Among the more alarming behaviors detailed in public records was a 2014 animal cruelty charge while Kelley lived in Colorado Springs, Colorado. “The suspect then started beating on the dog with both fists, punching it in the head and chest,” the police report said, per NBC News. “He could hear the suspect yelling at the dog and while he was striking it, the dog was yelping and whining. The suspect then picked up the dog by the neck into the air and threw it onto the ground and then drug him away to lot 60.”
In the 24 hours since the attack, law enforcement officials are still working to determine the circumstances that led up the fateful massacre at the Baptist church in Sutherland Springs. But for many in the military and veterans concerned about the media latching on to the trope of the deranged vet, Chief Master Sgt. Robert Corrigan is one former airman who died on Nov. 5 who’s actually worth America’s attention.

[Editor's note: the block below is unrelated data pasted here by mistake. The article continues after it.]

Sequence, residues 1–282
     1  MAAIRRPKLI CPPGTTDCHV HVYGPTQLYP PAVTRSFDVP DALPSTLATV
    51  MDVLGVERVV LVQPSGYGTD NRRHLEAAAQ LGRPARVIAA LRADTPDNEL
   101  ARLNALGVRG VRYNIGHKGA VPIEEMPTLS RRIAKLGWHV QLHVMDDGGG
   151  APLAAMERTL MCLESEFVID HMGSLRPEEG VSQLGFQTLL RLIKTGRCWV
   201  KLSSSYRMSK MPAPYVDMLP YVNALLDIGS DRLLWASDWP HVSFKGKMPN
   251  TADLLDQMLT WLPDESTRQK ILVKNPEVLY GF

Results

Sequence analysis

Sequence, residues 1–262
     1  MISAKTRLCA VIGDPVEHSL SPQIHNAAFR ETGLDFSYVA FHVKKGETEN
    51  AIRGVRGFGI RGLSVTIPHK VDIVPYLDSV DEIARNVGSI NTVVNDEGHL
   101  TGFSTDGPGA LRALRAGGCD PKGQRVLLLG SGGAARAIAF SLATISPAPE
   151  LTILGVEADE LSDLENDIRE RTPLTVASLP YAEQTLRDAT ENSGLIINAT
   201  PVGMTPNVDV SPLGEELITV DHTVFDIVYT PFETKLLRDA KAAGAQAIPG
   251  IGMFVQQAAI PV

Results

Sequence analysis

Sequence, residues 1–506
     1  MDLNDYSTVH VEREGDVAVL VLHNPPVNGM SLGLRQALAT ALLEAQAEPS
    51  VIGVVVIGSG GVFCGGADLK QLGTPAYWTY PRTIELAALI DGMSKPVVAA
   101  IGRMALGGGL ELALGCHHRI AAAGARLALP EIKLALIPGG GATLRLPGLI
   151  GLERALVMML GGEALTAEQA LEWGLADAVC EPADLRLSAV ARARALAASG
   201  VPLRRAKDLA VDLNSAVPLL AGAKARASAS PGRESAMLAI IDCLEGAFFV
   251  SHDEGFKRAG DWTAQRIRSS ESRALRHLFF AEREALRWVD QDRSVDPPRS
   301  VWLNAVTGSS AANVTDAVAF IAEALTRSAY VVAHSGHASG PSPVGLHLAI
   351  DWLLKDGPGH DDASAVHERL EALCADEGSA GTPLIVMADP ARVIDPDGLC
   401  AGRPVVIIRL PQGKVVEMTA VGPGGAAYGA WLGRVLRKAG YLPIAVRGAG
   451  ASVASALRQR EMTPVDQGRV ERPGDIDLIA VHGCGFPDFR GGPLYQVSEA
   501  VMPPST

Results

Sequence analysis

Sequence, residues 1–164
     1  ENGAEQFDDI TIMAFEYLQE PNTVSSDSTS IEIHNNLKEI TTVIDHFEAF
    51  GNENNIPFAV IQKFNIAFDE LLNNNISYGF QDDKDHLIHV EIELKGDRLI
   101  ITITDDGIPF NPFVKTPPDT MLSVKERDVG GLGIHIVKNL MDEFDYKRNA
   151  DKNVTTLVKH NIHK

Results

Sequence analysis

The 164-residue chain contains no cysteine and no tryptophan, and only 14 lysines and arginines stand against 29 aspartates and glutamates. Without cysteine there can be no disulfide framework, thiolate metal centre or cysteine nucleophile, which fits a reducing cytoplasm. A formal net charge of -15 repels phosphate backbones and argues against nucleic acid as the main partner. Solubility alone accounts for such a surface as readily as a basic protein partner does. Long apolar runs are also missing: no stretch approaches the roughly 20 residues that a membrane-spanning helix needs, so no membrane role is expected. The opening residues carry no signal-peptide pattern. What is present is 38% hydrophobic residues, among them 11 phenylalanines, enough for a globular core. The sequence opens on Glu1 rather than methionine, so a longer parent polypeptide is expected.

“We’re not all crazy,” Keirans told Task & Purpose. “We’re not all assholes.”
Just over a year ago, the Corrigans gathered at First Baptist for a memorial service for their son Forrest, who passed away on Nov. 26, 2016 in Floresville, Texas, just shy of his 26th birthday. “This is a time in our lives where tragedy steps in and death tries to step in and make its hold, and we have to stop, and our hearts are broken,” Pastor Frank Pomeroy told the assembled parishioners, “But it’s friends and family coming together through the help of the lord, the strength of the lord, that those that are left behind can continue on.”
Pomeroy’s 14-year-old daughter was also murdered Sunday, in the same barrage of bullets that killed the Corrigans.
UPDATE: This article was updated to correctly reflect Chief Master Sgt. Corrigan's rank. (Updated 11/6/2017; 4:37 pm EST)